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“Urgent care” was in its infancy and electronic medical records were practically the stuff of science fiction when the ICD-9 codes were released in 1979. The Centers for Medicare and Medicaid Services (CMS) takes one giant leap toward catching up with the launch of ICD-10 codes on October 1. As of that date, ICD-9 codes will no longer be accepted.

CMS has said the new coding set is expected to “advance public health research and emergency response through detection of disease outbreaks and adverse drug events,” in addition to supporting payment models that will ultimately drive quality of care. Andy Slavitt, acting administrator of CMS, says ICD-10 will also facilitate early warning of epidemics and pandemics for disease like Ebola and flu.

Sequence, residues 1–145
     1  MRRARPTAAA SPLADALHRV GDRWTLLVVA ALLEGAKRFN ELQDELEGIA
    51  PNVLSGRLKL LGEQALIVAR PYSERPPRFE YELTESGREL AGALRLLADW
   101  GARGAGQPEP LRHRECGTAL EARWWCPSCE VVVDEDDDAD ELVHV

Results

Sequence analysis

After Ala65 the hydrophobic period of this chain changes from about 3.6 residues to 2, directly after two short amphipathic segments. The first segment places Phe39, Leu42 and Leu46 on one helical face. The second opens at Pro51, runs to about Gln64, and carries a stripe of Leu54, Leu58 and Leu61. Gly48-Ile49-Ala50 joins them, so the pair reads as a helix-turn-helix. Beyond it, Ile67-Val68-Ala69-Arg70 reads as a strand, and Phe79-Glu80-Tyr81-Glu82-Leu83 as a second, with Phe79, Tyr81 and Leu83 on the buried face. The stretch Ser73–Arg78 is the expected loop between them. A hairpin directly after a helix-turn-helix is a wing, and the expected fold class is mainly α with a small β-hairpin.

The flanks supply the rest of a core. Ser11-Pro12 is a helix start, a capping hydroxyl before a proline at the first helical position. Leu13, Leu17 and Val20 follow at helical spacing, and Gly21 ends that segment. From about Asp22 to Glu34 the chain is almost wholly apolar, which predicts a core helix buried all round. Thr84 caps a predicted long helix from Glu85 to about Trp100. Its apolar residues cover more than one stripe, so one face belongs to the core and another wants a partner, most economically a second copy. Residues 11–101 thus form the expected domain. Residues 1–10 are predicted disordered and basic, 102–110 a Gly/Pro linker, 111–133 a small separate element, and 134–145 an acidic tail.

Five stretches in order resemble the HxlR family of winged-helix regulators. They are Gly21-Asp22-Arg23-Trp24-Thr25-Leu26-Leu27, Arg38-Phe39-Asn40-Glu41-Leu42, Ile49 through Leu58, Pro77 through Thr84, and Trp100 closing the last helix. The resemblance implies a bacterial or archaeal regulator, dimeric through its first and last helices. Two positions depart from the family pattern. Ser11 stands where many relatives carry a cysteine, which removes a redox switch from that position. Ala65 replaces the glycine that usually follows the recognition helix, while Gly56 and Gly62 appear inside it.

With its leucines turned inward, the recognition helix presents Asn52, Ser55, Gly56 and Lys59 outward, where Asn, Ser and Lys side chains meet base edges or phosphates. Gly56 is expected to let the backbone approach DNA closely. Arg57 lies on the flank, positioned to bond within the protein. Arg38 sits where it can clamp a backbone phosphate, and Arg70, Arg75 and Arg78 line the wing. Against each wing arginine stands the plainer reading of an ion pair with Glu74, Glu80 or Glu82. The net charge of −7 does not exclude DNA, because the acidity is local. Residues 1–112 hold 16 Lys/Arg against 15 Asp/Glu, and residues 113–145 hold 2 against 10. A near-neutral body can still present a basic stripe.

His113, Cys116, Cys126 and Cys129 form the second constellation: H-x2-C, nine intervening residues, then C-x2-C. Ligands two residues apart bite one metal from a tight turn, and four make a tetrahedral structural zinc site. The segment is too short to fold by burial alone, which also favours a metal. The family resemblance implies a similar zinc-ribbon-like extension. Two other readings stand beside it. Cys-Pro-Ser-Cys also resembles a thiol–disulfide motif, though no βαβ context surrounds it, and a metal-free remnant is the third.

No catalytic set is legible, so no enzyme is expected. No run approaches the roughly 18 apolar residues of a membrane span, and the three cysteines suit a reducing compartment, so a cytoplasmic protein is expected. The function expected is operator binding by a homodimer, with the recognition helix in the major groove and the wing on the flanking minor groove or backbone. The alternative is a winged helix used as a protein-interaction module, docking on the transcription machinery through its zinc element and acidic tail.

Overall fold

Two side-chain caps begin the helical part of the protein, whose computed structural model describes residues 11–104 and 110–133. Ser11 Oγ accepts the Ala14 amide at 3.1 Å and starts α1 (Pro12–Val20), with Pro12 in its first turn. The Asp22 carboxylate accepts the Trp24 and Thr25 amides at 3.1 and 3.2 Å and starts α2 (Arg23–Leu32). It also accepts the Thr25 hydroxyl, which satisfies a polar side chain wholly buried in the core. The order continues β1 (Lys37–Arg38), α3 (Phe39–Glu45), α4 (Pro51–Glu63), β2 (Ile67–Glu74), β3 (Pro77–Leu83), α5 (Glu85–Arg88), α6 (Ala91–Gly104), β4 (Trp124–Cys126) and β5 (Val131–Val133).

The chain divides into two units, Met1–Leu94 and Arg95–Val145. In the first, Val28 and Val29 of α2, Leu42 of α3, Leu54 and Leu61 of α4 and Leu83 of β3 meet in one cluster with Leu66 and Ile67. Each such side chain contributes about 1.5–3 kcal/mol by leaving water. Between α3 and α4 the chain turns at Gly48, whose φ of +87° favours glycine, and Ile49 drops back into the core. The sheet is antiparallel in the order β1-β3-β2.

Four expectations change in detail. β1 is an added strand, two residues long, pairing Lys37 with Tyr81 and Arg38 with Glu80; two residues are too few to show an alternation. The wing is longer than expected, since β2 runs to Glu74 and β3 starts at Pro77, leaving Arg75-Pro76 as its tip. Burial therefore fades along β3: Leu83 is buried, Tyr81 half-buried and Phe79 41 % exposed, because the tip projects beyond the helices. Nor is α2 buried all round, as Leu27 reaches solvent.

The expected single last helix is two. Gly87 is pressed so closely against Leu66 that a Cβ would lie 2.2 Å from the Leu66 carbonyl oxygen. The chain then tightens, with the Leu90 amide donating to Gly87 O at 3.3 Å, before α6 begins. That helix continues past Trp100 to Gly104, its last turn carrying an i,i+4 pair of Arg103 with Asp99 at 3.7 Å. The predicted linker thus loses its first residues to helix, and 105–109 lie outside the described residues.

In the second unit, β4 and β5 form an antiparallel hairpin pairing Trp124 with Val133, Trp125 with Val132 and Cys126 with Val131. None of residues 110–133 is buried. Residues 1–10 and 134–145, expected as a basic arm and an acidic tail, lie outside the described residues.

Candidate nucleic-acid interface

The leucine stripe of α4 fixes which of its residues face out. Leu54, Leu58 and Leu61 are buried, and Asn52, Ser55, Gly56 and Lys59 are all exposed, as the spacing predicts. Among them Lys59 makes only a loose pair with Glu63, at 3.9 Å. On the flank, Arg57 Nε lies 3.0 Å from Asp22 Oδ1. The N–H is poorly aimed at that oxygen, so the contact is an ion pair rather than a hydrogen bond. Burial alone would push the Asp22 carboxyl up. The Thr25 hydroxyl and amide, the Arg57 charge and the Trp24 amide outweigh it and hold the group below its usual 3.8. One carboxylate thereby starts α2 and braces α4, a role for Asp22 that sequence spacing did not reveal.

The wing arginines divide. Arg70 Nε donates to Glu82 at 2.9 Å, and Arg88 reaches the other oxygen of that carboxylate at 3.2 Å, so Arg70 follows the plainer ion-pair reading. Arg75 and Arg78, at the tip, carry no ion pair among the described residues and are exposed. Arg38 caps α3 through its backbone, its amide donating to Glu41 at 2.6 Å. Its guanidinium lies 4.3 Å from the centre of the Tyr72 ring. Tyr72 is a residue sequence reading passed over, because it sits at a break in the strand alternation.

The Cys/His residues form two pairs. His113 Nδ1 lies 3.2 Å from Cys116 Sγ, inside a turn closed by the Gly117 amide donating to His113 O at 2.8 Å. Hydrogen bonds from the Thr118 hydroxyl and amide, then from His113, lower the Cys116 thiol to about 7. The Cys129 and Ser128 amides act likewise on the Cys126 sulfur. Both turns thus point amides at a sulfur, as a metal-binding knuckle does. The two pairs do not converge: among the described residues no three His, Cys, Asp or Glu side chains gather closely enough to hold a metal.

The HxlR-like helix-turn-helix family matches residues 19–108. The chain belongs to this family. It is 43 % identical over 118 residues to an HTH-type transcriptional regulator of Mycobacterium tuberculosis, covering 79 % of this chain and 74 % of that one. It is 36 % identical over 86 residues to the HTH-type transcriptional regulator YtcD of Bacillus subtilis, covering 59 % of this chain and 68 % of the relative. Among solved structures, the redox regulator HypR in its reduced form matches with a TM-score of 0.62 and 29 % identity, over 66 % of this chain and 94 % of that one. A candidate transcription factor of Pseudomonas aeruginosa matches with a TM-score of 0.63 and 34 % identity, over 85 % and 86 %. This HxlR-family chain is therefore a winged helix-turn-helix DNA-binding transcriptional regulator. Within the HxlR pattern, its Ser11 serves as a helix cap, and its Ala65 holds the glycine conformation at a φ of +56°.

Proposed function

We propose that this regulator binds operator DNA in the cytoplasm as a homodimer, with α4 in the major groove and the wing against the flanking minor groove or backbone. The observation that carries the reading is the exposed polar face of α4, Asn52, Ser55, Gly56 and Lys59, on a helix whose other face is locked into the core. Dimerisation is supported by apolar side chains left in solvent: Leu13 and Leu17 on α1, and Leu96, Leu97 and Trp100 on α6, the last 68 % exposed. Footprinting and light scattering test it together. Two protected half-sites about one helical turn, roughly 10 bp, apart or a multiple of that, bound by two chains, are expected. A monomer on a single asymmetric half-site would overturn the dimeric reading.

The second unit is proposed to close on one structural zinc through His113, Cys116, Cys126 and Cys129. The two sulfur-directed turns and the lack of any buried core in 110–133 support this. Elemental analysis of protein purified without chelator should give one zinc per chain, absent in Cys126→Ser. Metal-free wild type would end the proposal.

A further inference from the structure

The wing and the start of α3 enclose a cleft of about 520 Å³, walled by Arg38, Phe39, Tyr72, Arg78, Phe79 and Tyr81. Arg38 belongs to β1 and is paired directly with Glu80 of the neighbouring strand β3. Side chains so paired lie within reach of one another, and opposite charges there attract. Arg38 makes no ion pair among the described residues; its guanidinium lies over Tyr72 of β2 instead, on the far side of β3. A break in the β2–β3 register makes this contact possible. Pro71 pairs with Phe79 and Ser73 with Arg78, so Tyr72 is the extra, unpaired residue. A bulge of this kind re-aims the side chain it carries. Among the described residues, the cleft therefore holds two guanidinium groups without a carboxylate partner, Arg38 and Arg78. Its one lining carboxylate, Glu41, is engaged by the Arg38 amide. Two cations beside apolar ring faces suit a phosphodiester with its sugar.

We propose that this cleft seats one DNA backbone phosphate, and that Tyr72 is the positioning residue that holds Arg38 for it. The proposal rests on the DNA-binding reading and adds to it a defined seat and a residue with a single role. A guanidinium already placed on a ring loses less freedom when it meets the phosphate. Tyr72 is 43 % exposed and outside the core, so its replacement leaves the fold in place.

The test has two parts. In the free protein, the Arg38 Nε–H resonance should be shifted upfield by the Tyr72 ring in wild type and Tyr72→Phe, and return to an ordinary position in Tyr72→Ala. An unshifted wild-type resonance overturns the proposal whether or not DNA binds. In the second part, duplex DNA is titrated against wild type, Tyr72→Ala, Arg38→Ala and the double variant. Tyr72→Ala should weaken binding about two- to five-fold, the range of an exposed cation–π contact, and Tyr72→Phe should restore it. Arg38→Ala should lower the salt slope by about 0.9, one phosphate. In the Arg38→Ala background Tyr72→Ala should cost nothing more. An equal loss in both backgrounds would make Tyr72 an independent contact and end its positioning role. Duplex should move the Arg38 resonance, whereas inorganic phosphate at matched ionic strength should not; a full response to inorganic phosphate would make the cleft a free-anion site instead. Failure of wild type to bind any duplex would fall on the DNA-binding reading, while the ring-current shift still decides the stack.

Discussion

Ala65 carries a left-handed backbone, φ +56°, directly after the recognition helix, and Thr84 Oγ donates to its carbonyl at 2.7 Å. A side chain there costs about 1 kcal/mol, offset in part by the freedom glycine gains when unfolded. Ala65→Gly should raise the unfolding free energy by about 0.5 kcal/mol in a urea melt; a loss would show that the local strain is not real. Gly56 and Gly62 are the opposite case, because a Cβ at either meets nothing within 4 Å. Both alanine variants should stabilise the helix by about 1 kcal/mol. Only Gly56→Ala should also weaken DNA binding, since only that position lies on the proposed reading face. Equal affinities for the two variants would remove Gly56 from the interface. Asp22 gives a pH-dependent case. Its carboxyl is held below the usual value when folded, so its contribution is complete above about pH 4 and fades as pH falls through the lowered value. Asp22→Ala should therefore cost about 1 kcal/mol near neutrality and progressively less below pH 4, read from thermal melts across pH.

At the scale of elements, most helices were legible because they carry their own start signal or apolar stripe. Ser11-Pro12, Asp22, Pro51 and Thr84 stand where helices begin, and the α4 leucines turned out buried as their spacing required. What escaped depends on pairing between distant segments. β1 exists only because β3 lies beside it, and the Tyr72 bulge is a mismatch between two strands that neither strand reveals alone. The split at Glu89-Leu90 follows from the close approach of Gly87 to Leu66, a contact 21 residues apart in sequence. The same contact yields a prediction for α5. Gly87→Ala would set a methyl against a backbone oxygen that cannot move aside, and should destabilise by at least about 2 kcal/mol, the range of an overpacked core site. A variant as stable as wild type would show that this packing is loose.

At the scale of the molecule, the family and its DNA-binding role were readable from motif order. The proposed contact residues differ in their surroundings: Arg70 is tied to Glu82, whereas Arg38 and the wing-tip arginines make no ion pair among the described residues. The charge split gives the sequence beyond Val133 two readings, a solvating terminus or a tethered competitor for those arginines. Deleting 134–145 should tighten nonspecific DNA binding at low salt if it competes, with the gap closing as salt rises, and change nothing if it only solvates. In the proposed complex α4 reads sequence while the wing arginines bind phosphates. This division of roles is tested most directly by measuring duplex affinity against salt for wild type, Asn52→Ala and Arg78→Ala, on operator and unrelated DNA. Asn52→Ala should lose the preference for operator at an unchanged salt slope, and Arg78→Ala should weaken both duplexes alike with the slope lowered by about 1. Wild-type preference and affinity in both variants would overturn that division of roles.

The agency crafted a host of documents to prepare the medical and insurance industries for the switch. Two of the most relevant delineate the differences between the two sets (What is different with ICD-10?, available at and to answer questions most frequently asked by clinicians, insurers, and coding professionals (Clarifying Questions and Answers Related to the July 6, 2015 CMS/AMA Joint Announcement and Guidance Regarding ICD-10 Flexibilities, which has been updated as recently as Sept. 22 as of this writing, available at

October 1: Out with ICD-9, in with ICD-10
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